I have never been one to get excited about car trips. Although I have great memories of family vacations up and down the East coast, I also remember being stuck in the back seat of a hot car, wedged between my brother and sister, as my parents negotiated unfamiliar roads and last minute detours. I always longed to skip the ride and just arrive (Beam me up Scotty!) at my destination. But if I'd had that option, I would have missed the best part about those long rides - watching how the landscape changed and seeing the cities whiz by.
|'Neon Schwinn Bicycle.' Art quilt and photo by Lisa Kijak.
Now that I ride "shotgun" in the front seat, I have a fresh perspective of the fabled romance of the road. I can imagine myself traveling the fabled Route 66 lined with diners and drive-ins, top down and radio turned up.
Lisa Kijak's quilt art evokes that bygone era. With photographic inspiration, thousands of pieces of fabric, and miles of thread, she captures the look and feel of deteriorating neon signs that once lit up the highways.
According to Lyric Kinard, who interviewed Lisa for the August/September 2013 issue of Quilting Arts Magazine, Lisa is relatively new to quilts as a medium, but she has certainly hit the ground running with entries from her Neon series accepted into both Visions (2012) and Quilt National (2013).
Her mastery of composition, of color and value is the result of years of practice and formal training including a BFA in Visual Arts from Mason Gross School of the Arts at Rutgers University and an MA in art therapy from Loyola Marymount University.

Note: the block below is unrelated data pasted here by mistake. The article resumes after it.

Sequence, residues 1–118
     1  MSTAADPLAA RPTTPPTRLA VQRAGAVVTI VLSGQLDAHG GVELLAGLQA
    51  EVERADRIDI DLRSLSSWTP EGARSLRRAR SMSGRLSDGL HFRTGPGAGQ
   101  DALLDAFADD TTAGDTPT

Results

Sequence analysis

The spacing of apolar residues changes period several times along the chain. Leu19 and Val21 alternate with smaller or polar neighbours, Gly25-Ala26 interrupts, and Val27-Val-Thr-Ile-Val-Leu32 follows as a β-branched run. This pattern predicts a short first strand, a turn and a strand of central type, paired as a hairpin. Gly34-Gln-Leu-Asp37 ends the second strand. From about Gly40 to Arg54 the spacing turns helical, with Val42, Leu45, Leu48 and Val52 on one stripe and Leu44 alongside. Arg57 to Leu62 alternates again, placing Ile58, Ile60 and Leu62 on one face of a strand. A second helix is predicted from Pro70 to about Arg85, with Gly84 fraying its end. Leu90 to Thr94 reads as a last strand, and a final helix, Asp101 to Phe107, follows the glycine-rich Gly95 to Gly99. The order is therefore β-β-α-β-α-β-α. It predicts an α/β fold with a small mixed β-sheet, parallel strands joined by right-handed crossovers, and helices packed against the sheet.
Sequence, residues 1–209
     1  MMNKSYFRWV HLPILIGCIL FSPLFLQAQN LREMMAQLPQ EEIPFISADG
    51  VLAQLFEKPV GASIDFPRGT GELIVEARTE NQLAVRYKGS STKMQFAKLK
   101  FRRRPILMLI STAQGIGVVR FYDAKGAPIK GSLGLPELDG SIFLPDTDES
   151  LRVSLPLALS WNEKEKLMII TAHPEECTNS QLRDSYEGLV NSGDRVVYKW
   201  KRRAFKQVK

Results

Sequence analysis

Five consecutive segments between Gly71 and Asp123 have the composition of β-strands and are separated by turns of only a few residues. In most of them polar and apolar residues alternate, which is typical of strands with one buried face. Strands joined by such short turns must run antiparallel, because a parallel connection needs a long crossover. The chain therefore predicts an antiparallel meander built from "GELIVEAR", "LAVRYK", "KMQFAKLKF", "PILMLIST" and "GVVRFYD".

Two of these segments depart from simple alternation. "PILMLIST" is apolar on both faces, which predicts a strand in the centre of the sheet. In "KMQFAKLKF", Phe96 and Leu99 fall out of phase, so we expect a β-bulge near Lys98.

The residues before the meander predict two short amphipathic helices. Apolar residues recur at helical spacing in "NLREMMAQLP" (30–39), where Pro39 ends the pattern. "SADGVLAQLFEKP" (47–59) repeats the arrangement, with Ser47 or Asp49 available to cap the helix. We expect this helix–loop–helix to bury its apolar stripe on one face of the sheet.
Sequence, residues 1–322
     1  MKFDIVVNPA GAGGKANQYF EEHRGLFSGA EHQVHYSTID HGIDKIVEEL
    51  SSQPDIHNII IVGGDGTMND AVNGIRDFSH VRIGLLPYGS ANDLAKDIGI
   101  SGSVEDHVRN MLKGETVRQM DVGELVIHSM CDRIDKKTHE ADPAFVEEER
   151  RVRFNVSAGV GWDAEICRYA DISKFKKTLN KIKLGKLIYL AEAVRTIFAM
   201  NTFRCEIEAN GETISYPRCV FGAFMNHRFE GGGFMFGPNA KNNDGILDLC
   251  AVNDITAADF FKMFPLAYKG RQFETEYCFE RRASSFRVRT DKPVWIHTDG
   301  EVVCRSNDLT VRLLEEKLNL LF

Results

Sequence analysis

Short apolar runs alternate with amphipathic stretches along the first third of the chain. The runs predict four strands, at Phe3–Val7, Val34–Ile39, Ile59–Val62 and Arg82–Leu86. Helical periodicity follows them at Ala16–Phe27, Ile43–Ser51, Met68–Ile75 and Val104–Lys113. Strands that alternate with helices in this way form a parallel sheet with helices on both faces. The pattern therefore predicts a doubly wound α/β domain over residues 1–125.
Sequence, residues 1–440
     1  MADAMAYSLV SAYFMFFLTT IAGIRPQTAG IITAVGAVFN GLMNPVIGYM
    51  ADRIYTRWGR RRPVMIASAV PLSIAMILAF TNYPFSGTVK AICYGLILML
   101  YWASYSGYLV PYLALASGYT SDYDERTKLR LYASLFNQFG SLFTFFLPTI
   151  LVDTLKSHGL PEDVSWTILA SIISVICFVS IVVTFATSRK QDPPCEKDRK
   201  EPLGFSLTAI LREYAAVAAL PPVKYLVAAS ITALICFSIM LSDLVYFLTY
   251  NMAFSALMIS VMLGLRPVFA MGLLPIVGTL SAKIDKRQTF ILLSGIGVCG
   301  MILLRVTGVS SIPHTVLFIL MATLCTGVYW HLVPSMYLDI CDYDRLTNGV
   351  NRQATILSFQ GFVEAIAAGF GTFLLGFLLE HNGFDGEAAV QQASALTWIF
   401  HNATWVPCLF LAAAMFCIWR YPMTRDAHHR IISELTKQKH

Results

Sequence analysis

Today I'm treating you to an excerpt from their fascinating Q&A.
Lyric: What is it about derelict neon signs that has so captured your attention?
Lisa Kijak: I am attracted to really complex surfaces that show the effects of time.
I am constantly photographing peeling paint, chipped, weathered, and dis¬tressed surfaces. There is such beauty in things that have witnessed the passage of time. I want to explore the details of those things that are broken and worn down and elevate them by creating art, calling attention to them, bringing them a new life by memori¬alizing them.
|Lisa Kijak with a detail of one of her art quilts.
Photo by Arash Samadani.
In particular, with my Neon series, I am hoping to capture signs that are disappearing from our landscape. There are so many wonderful signs from the 1920-1960s that have been torn down-too expensive to maintain and not energy efficient enough to consider keeping. The artistry of those signs is being lost when they should be preserved and restored as important cultural artifacts.
Lyric: Please describe your process of transforming a photograph into an art quilt.
Lisa: For every sign, I shoot somewhere between 10-50 shots, from different angles and with different lighting. I never know if I have the right shot until I get back to my computer where I do a great deal of digital work: editing the colors and contrast, adjusting the composition by removing elements, and moving things closer together. I could do it all by hand, but sketching on the computer is so much faster for me and I am always anxious to get to the construction phase.
I love to see the full image slowly come to life. At the height of my work on any piece, there are literally thousands of tiny bits of fabric arranged in color palettes on my desk, waiting to be pieced together to see what works with my vision and what keeps my work most true to the original rawness and decay of the signs I am capturing.
Lisa's art quilts remind me that you can find art quilting inspiration everywhere--from your backyard to the open road. Our August/September 2013 issue of Quilting Arts is also packed with inspiration and techniques, from Lisa's Neon series to free-motion quilting tips, gallery features, and more Q&As with cutting-edge artists. Order now!
P.S. Are you inspired by road trips? What do you see by the side of the road that you'd like to put into an art quilt design? Leave a comment below.